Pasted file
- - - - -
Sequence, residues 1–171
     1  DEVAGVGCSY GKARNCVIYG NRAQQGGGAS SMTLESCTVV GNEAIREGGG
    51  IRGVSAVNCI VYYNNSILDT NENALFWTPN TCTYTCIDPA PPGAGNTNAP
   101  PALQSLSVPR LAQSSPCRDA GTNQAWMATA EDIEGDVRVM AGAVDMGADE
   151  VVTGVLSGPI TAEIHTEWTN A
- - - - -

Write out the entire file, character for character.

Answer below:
Sequence, residues 1–171
     1  DEVAGVGCSY GKARNCVIYG NRAQQGGGAS SMTLESCTVV GNEAIREGGG
    51  IRGVSAVNCI VYYNNSILDT NENALFWTPN TCTYTCIDPA PPGAGNTNAP
   101  PALQSLSVPR LAQSSPCRDA GTNQAWMATA EDIEGDVRVM AGAVDMGADE
   151  VVTGVLSGPI TAEIHTEWTN A